World Bulletin / News Desk
WikiLeaks founder Julian Assange has hired Spanish jurist Baltasar Garzon as a legal adviser as he seeks political asylum in Ecuador, the Andean country's foreign minister, Ricardo Patino, said on Tuesday.
Assange has been taking refuge in the Ecuadorean Embassy in London since June 19. The Australian anti-secrecy campaigner, who enraged Washington in 2010 when his WikiLeaks website published secret U.S. diplomatic cables, is wanted for questioning in Sweden over sex crime allegations.
Assange broke his bail terms and requested asylum in Ecuador. He denies any wrongdoing in Sweden and says he fears that if extradited there, he could be sent on to the United States, where he believes he could face criminal charges punishable by death.
The Ecuadorean government has said it will take as long as needed to make a thorough analysis of Assange's asylum application before making a decision.
"Mr. Assange has requested the services of lawyer Baltasar Garzon to deal with his case. ... Of course he has the right to hire and look for the legal advice that he needs or may need for the asylum request," Patino told reporters in Quito.
Human rights investigator Garzon is best known for ordering the arrest of former Chilean military leader Augusto Pinochet in 1998.
For three decades, Garzon has made a career of tackling the most complex and controversial of cases, winning notoriety as well as a clutch of powerful enemies in Spain's ruling class. Politicians across the spectrum have been implicated or targeted in his investigations over the years.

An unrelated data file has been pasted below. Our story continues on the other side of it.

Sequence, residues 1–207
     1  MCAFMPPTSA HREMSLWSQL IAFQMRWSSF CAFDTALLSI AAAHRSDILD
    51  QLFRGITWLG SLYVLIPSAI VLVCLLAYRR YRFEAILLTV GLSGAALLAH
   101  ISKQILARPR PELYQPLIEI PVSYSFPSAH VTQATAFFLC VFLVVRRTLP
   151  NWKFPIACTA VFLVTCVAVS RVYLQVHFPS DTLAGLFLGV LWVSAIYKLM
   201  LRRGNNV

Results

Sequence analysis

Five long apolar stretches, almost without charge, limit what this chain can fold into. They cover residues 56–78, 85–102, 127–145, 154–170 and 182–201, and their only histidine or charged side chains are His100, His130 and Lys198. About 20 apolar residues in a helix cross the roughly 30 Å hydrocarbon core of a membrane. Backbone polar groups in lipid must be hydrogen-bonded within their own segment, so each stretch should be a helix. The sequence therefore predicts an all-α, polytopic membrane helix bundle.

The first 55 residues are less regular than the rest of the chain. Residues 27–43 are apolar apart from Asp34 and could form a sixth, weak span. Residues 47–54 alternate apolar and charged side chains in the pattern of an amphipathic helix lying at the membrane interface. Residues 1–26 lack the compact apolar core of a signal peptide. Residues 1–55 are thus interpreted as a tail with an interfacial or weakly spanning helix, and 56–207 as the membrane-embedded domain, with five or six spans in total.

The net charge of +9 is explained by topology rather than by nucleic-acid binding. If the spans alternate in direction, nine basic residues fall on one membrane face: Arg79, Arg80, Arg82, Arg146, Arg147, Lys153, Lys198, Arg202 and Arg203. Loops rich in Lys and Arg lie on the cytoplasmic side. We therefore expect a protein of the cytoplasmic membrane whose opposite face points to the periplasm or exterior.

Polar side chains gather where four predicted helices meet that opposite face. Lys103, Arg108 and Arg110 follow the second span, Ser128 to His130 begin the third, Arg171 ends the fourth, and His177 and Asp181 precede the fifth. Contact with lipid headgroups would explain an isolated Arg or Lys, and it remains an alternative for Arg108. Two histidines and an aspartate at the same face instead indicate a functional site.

He also stirred up controversy with an attempt to order an investigation into the killing of tens of thousands of civilians during the dictatorship of General Francisco Franco, who died in 1975.
Patino said he welcomed Garzon's involvement in the Assange case because the Ecuadorean government had "a very good relationship" with the jurist. Garzon is part of an international panel that was set up to oversee the ongoing judicial overhaul in the OPEC-member country.
Neither the U.S. nor Swedish authorities have charged Assange with anything. Swedish prosecutors want to question him about allegations of rape and sexual assault made by two former WikiLeaks volunteers in 2010.
A headmistress at a British high school has banned short skirts after male teachers were being distracted by the hemlines
Uganda will begin withdrawal when the East African force is ready for deployment
Tunisia has declared a state of emergency one week after the beach attack in Sousse
Iraqi jet have dropped leaflets over Mosul, telling the people that they will recapture Mosul and drive out ISIL.
Poland has further fuelled conflict between the two nations as a city took down the brotherhood-in-arms of Polish and Red Army soldiers memorial.
Eurotunnel services disrupted after points failure after 150 migrants try to enter restricted areas of Calais terminal
Iraq's Parliament speaker has urged the Iraqi government to provide secure return to displaced people
Despite the differences between the two countries, Russian-American relations must be based on equal treatment and mutual respect
Spanish police have arrested a Moroccan for distributing ISIL propaganda.
Fierce fighting breaks out between Libyan army, attached to the Government of Tobruk, and other armed groups in the east
Rallies around the country have marked the end of campaigning to approve or reject proposals from Greece's creditors
Germany had reformed its BfV following its failure to prevenet a series of Neo-Nazi murders.
Two people have been killed while walking past mud house in search of accommodation during Thursday night’s rainstorm
The Southern African Development Community have decided to send a team to the Kingdom of Lesotho to investigate the murder of a former military commander
According to IMF data, Greece is followed by Italy, Portugal, Ireland, Greek Cypriot administration and Belgium in a list of countries with high debts compared to their GDP
Canada granted permissions for foreign countries to interrogate their citizens after they were assured that they would not be subject to torture